Native Plant of the Week: Hog Peanut Vine ~ Amphicarpaea bracteata

Hog Peanut Vine ~ Amphicarpaea bracteata

Related Posts:
Native Vines in our Yard
Local Native Vines
One More Native Vine
Another Native Vine & Its Invasive Cousin

Hog Peanut Vine is a twining annual herbaceous vine of partially shaded woodlands and openings. It seems to like richer soil along streams and water edges, but can also be found on drier upland wooded slopes.

The three leaflets are often mistaken for Poison Ivy but the stems do not become woody like Poison Ivy.

Hog Peanut Vine has light pink to white flowers that emerge in mid July. They are arranged in clusters on stems that emerge from the leaf axils. It also produces a second type of flower near the base of the vine which are "self-fertilized without opening." USDA Plants Database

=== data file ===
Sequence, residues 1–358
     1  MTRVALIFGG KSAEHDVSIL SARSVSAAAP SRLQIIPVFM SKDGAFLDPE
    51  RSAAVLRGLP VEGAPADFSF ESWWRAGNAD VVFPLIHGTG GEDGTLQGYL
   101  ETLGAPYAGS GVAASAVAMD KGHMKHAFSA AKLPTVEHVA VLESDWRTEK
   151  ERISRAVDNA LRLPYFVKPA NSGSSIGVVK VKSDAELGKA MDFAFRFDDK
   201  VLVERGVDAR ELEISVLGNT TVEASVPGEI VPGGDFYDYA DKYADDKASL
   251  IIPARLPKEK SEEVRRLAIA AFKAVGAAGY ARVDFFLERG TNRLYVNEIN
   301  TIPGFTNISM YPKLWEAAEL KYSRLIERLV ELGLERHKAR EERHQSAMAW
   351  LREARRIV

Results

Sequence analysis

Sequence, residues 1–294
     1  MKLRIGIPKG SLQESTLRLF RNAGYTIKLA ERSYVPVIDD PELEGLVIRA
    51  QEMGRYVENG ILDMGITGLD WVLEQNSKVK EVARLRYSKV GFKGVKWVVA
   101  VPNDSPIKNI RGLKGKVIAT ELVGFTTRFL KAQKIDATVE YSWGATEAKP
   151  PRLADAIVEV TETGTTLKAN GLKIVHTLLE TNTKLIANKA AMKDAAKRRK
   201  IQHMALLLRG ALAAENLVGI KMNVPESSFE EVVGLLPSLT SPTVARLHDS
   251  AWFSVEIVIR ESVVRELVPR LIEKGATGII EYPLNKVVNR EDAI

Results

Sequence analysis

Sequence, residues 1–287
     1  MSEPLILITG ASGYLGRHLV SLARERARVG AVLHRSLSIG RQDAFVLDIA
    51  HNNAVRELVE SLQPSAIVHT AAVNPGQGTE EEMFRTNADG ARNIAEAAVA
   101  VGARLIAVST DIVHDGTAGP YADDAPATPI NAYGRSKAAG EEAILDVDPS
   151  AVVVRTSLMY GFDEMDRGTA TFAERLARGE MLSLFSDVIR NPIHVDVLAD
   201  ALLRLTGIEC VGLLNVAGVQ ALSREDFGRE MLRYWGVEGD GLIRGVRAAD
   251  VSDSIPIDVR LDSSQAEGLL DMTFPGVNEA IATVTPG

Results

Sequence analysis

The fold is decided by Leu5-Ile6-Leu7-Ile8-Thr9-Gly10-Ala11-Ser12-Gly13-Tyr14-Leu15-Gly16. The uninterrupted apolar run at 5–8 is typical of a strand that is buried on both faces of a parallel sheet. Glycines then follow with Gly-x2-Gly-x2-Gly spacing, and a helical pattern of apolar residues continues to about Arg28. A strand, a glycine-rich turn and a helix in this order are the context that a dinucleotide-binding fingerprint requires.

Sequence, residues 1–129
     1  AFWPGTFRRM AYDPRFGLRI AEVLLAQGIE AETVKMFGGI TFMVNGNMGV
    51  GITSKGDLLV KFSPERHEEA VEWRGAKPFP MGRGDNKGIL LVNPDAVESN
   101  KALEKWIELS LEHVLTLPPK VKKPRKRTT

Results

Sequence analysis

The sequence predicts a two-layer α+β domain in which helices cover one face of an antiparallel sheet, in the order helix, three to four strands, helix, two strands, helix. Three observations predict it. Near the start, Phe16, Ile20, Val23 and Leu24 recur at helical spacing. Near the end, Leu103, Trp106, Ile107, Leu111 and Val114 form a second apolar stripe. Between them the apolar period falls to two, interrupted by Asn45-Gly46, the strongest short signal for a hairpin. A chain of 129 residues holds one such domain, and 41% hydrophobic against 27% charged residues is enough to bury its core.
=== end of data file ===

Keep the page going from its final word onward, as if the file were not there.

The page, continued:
Seeds form in a long pod in September. They are eaten by birds and rodents including "Ring-Necked Pheasant, Bobwhite, White-Footed Mouse and Meadow Voles". (Illinois Wildflowers)

Hog Peanut showed up in our yard last year, most likely from the healthy meadow vole population we have.

It also had several ethnobotanic uses for Native Americans. See the USDA Plants Database factsheet for more information.

Many people weed this vine out of their yards not knowing all the benefits it can provide to wildlife. Not only are the seeds sought out, but it is a larval host plant to several butterfly species including:

Silver Spotted Skipper ~ Epargyreus clarus (pictured on the left)
Read an earlier post about this butterfly

the Long Tailed Skipper ~ Urbanus proteus
and the Gray Hairstreak ~ Strymon melinus